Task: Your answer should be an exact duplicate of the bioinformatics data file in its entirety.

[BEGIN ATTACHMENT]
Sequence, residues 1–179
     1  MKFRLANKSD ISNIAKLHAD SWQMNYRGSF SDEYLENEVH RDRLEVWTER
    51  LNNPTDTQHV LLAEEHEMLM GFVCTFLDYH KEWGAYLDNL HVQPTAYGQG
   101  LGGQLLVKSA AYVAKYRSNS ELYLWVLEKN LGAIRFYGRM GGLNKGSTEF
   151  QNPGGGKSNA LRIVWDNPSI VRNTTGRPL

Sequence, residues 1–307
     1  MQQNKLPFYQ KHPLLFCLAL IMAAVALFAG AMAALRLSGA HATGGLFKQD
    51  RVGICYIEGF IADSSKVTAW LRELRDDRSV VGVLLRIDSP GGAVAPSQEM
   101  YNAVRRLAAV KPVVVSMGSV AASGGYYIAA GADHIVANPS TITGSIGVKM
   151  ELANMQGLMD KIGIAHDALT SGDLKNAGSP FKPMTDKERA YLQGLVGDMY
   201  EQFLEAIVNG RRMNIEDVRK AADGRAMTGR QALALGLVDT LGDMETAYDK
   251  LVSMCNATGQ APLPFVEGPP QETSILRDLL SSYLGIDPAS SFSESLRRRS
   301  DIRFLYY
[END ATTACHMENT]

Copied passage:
Sequence, residues 1–179
     1  MKFRLANKSD ISNIAKLHAD SWQMNYRGSF SDEYLENEVH RDRLEVWTER
    51  LNNPTDTQHV LLAEEHEMLM GFVCTFLDYH KEWGAYLDNL HVQPTAYGQG
   101  LGGQLLVKSA AYVAKYRSNS ELYLWVLEKN LGAIRFYGRM GGLNKGSTEF
   151  QNPGGGKSNA LRIVWDNPSI VRNTTGRPL

Sequence, residues 1–307
     1  MQQNKLPFYQ KHPLLFCLAL IMAAVALFAG AMAALRLSGA HATGGLFKQD
    51  RVGICYIEGF IADSSKVTAW LRELRDDRSV VGVLLRIDSP GGAVAPSQEM
   101  YNAVRRLAAV KPVVVSMGSV AASGGYYIAA GADHIVANPS TITGSIGVKM
   151  ELANMQGLMD KIGIAHDALT SGDLKNAGSP FKPMTDKERA YLQGLVGDMY
   201  EQFLEAIVNG RRMNIEDVRK AADGRAMTGR QALALGLVDT LGDMETAYDK
   251  LVSMCNATGQ APLPFVEGPP QETSILRDLL SSYLGIDPAS SFSESLRRRS
   301  DIRFLYY